Saturday, January 12, 2019

CNN Kills Pro-Wall Story From San Diego

This came in the morning email from a friend.

CNN Defends Decision to Spike Local Media Pro-Border Wall Interview: 'This Is a Non-Story'


And they wonder why their ratings are in the toilet.....

Thursday, January 10, 2019

Speaker Choices.....

With the rebuild of the Heathkit proceeding apace, I'll need to get some real speakers for it. I have some "P.A. Type" speakers (carpet covered, 8" woofer and a dome tweeter) that I could use, and some Radio Shack/Realistic/RCA "Optimus" mini-bookshelf speakers, but the P.A. speakers aren't really for music (no top or bottom end; all tailored for voice), and I could easily turn the little Optimus speakers into smoking ruins with the Heathkit. Since the amplifier section of this receiver is known for being less than 100% stable with 4 Ohm speakers of current design, and 16 Ohm speakers aren't very common, that leaves me with 8 Ohms as the 'load impedance of choice'.

The amp section is rated at 75 Watts-per-channel with the "Institute for High Fidelity measurement method", and that translates to about 55 Watts RMS, which is much closer to "Real World" than the IHF method. Some of the methods used to measure the power output of an audio amplifier are quite....uh....."creative", and were devised to inflate the RMS power measurement for advertising purposes. I used to chuckle when I read some of the results, as they were grossly higher than what the thing would actually put out.

So, I need some 8-Ohm speakers, rated for around 100 Watts. You can easily spend $2k per speaker, something I'd never do unless that rich Uncle I don't know about kicks and leaves me a few semis full of cash.

So after receiving a $25 discount code from Parts Express, I pulled the trigger and ordered two "Hitmaker MT" speaker kits, along with some bits (like binding posts to connect them!) needed to finish the kits.

They should be here in a week or so, and I'll report on them when they get here.

And since it's going to be raining/sleeting/snowing on Friday, I put the BuddiPole vertical back up. The winds have died down for the present, so it's safe to get it back up in the air.

Tuesday, January 8, 2019

Heathkit AR-15 Progress

Been chugging along on the Capacitor Replacement Train here for the last week, and as of tonight, all fifty-four of the printed circuit board mounted electrolytic capacitors have been replaced.

These boards are (from left-to-right) the Multiplex Board, which handles the special process of reconstructing separate left and right channels out of  what's broadcast, then two identical Power Amplifier Driver Boards, which take the selected audio stream and amplify it enough to drive the four power transistors mounted on the heat sinks. Above those two boards is the Power Supply Board. This board provides mounting space for the main power rectifiers, as well as the circuitry for several other regulated supplies.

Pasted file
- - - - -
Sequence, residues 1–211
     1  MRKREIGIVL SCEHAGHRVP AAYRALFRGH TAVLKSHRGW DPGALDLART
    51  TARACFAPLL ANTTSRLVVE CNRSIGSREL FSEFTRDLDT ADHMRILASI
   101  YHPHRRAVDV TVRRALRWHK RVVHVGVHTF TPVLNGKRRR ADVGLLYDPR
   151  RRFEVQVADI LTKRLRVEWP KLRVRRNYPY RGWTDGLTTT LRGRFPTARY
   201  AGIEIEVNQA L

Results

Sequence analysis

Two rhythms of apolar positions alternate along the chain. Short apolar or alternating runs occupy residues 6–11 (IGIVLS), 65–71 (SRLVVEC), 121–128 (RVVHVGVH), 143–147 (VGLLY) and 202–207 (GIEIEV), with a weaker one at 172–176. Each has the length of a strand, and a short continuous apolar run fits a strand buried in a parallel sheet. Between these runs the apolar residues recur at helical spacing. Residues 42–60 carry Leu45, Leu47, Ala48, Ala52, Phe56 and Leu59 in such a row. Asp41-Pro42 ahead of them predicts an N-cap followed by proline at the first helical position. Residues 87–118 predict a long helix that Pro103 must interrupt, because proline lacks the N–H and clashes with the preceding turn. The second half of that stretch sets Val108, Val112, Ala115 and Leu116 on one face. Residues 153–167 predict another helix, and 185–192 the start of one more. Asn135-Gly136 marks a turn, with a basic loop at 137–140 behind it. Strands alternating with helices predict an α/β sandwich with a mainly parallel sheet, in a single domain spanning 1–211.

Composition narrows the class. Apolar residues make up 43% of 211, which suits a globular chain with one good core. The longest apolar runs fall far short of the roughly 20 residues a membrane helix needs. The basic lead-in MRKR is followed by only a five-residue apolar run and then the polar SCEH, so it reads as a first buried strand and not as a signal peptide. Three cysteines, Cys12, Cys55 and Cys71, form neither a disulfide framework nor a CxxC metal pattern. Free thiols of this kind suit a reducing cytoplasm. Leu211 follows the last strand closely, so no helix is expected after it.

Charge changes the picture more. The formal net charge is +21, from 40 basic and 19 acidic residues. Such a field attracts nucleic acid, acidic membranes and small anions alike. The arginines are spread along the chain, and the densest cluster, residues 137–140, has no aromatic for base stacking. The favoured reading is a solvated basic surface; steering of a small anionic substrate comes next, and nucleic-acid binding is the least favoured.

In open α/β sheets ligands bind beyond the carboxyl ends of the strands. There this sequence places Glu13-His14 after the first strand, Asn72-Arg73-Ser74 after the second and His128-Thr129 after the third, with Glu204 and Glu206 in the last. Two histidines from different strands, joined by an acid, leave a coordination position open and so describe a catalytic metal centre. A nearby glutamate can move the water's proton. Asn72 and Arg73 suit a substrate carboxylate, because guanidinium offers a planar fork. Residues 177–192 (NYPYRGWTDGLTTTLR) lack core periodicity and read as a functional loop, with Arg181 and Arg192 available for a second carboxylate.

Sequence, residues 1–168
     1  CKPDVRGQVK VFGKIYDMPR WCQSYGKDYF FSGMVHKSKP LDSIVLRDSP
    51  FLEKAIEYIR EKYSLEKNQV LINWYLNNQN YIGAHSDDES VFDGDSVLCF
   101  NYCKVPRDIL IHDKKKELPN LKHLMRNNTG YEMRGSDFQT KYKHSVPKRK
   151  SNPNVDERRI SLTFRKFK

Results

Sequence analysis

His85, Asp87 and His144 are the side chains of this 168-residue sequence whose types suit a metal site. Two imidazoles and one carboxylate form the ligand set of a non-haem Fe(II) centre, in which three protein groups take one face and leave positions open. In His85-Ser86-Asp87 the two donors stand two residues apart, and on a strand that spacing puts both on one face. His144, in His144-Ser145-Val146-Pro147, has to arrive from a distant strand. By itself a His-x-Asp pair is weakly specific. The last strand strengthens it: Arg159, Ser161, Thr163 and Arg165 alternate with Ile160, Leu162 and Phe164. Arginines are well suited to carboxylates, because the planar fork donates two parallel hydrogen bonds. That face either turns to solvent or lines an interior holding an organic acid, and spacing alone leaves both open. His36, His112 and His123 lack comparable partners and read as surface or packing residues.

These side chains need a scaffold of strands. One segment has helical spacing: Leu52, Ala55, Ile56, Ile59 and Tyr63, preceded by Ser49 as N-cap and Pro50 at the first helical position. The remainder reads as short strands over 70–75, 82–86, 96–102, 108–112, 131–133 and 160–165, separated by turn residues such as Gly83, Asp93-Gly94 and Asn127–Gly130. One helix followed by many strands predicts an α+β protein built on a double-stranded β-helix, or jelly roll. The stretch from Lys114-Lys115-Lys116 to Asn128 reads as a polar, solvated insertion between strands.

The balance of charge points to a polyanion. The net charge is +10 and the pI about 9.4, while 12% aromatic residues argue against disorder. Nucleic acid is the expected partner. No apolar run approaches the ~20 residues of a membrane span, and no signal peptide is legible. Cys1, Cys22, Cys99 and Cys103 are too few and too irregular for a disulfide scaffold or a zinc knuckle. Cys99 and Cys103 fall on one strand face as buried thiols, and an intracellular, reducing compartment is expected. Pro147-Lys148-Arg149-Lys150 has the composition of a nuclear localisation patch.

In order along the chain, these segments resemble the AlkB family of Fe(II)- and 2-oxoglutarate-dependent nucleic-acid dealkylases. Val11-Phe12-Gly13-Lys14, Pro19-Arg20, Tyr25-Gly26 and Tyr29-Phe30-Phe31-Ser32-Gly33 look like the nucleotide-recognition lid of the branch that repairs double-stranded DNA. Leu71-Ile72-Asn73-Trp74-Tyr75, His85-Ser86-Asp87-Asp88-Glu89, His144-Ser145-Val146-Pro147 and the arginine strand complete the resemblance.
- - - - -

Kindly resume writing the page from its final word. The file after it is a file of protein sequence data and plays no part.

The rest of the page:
The circuit board with all the control shafts jutting into free space at the top of the picture is the Control/Preamplifier Board, which selects the input you want (Phono, Tuner, Tape, Aux), processes the audio for Bass, Treble, Balance, and Volume, and then sends it to the Power Amplifier Driver Boards.

In the picture below you can see how all the pots (potentiometer) the shafts are connected to are soldered onto the Control/Preamplifier Board. I wound up having to take this thing a lot further apart than I wanted to, but it was the only way to get enough access to the Control/Preamplifier Board. At least it gives me a chance to clean both sides of the dial glass!

This is the "top" of the component side of that board, as seen looking towards where the front panel normally is, with the old caps in place.

And this is the "bottom" of the component side with the new caps installed.

Besides replacing the caps, I cleaned all seventeen controls, the Input Select rotary switch, three slide switches, and seven rocker switches. Some of the controls I could only get at from the top, and the rest I could only get from the bottom, so cleaning them was a multi-day affair, depending on what side of the chassis I was working on.

On the Tuner Board, I replaced all the electrolytic caps, and cleaned and lubed the bearings in the tuning capacitors. The two rectangular grey boxes are 10.7MHz crystal filters. These give this receiver razor-sharp tuning, even in crowded Metro areas with 50kW stations all over the place.

And I disassembled the heatsinks, cleaned them to get all the old silicone grease off, and them reassembled them with new thermal pads instead of using mica washers and grease. That's a new 3-wire grounded AC cord temporarily strapped to the chassis.

After doing these heinous things to this old war horse of a receiver, I rounded up the usual suspects to interrogate them.

As expected, they knew nothing....Off to the landfill with them! I've seen used parts like this for sale on eBay. Seems people are looking to reproduce "Vintage Tone", and as all the Audiofools know, you need Vintage Parts to get Vintage Tone! Seriously.......